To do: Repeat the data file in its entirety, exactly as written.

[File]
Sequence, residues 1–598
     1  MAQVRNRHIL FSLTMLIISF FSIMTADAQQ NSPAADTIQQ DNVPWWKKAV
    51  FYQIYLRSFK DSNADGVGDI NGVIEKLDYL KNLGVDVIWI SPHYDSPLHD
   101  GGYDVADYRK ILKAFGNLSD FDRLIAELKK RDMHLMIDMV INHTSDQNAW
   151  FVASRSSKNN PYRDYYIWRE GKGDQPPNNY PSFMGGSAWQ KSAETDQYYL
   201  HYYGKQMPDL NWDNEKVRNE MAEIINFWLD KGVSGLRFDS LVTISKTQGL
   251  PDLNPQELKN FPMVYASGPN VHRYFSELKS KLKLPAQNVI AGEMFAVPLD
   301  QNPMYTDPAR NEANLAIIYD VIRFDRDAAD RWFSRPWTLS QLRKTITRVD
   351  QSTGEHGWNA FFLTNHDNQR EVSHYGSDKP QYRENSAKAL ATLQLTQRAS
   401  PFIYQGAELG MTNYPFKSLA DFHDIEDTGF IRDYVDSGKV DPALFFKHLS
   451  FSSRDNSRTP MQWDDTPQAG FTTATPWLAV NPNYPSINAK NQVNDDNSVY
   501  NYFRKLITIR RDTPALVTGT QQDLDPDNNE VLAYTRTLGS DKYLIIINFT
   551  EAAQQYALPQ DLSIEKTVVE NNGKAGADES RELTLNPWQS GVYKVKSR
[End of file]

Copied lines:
Sequence, residues 1–598
     1  MAQVRNRHIL FSLTMLIISF FSIMTADAQQ NSPAADTIQQ DNVPWWKKAV
    51  FYQIYLRSFK DSNADGVGDI NGVIEKLDYL KNLGVDVIWI SPHYDSPLHD
   101  GGYDVADYRK ILKAFGNLSD FDRLIAELKK RDMHLMIDMV INHTSDQNAW
   151  FVASRSSKNN PYRDYYIWRE GKGDQPPNNY PSFMGGSAWQ KSAETDQYYL
   201  HYYGKQMPDL NWDNEKVRNE MAEIINFWLD KGVSGLRFDS LVTISKTQGL
   251  PDLNPQELKN FPMVYASGPN VHRYFSELKS KLKLPAQNVI AGEMFAVPLD
   301  QNPMYTDPAR NEANLAIIYD VIRFDRDAAD RWFSRPWTLS QLRKTITRVD
   351  QSTGEHGWNA FFLTNHDNQR EVSHYGSDKP QYRENSAKAL ATLQLTQRAS
   401  PFIYQGAELG MTNYPFKSLA DFHDIEDTGF IRDYVDSGKV DPALFFKHLS
   451  FSSRDNSRTP MQWDDTPQAG FTTATPWLAV NPNYPSINAK NQVNDDNSVY
   501  NYFRKLITIR RDTPALVTGT QQDLDPDNNE VLAYTRTLGS DKYLIIINFT
   551  EAAQQYALPQ DLSIEKTVVE NNGKAGADES RELTLNPWQS GVYKVKSR